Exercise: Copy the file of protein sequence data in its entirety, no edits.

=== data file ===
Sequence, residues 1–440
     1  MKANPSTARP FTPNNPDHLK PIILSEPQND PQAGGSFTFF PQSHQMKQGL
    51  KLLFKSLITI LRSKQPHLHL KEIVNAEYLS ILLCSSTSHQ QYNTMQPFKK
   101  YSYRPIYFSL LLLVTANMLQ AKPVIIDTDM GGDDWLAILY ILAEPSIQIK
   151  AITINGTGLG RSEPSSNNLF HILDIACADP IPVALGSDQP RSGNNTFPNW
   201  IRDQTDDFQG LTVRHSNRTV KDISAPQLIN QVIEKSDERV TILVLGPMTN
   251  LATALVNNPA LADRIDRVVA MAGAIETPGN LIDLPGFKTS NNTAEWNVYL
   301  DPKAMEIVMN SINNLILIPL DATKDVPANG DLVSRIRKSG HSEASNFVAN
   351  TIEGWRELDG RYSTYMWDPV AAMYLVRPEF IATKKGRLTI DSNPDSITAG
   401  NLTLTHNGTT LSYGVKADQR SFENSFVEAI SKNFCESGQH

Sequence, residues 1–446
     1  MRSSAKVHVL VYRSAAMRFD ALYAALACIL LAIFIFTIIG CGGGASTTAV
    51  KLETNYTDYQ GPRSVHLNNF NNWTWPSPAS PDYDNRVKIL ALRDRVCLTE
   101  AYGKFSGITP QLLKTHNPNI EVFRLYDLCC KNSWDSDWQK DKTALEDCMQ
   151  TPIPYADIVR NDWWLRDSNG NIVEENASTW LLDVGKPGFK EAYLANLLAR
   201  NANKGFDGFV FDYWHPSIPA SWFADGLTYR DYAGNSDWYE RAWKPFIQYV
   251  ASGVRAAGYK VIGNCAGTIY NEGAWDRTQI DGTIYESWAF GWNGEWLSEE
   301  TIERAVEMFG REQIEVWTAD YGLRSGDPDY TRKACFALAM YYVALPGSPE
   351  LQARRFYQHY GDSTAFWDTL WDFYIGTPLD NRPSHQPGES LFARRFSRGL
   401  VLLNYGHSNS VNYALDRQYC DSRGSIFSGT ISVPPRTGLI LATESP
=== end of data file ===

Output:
Sequence, residues 1–440
     1  MKANPSTARP FTPNNPDHLK PIILSEPQND PQAGGSFTFF PQSHQMKQGL
    51  KLLFKSLITI LRSKQPHLHL KEIVNAEYLS ILLCSSTSHQ QYNTMQPFKK
   101  YSYRPIYFSL LLLVTANMLQ AKPVIIDTDM GGDDWLAILY ILAEPSIQIK
   151  AITINGTGLG RSEPSSNNLF HILDIACADP IPVALGSDQP RSGNNTFPNW
   201  IRDQTDDFQG LTVRHSNRTV KDISAPQLIN QVIEKSDERV TILVLGPMTN
   251  LATALVNNPA LADRIDRVVA MAGAIETPGN LIDLPGFKTS NNTAEWNVYL
   301  DPKAMEIVMN SINNLILIPL DATKDVPANG DLVSRIRKSG HSEASNFVAN
   351  TIEGWRELDG RYSTYMWDPV AAMYLVRPEF IATKKGRLTI DSNPDSITAG
   401  NLTLTHNGTT LSYGVKADQR SFENSFVEAI SKNFCESGQH

Sequence, residues 1–446
     1  MRSSAKVHVL VYRSAAMRFD ALYAALACIL LAIFIFTIIG CGGGASTTAV
    51  KLETNYTDYQ GPRSVHLNNF NNWTWPSPAS PDYDNRVKIL ALRDRVCLTE
   101  AYGKFSGITP QLLKTHNPNI EVFRLYDLCC KNSWDSDWQK DKTALEDCMQ
   151  TPIPYADIVR NDWWLRDSNG NIVEENASTW LLDVGKPGFK EAYLANLLAR
   201  NANKGFDGFV FDYWHPSIPA SWFADGLTYR DYAGNSDWYE RAWKPFIQYV
   251  ASGVRAAGYK VIGNCAGTIY NEGAWDRTQI DGTIYESWAF GWNGEWLSEE
   301  TIERAVEMFG REQIEVWTAD YGLRSGDPDY TRKACFALAM YYVALPGSPE
   351  LQARRFYQHY GDSTAFWDTL WDFYIGTPLD NRPSHQPGES LFARRFSRGL
   401  VLLNYGHSNS VNYALDRQYC DSRGSIFSGT ISVPPRTGLI LATESP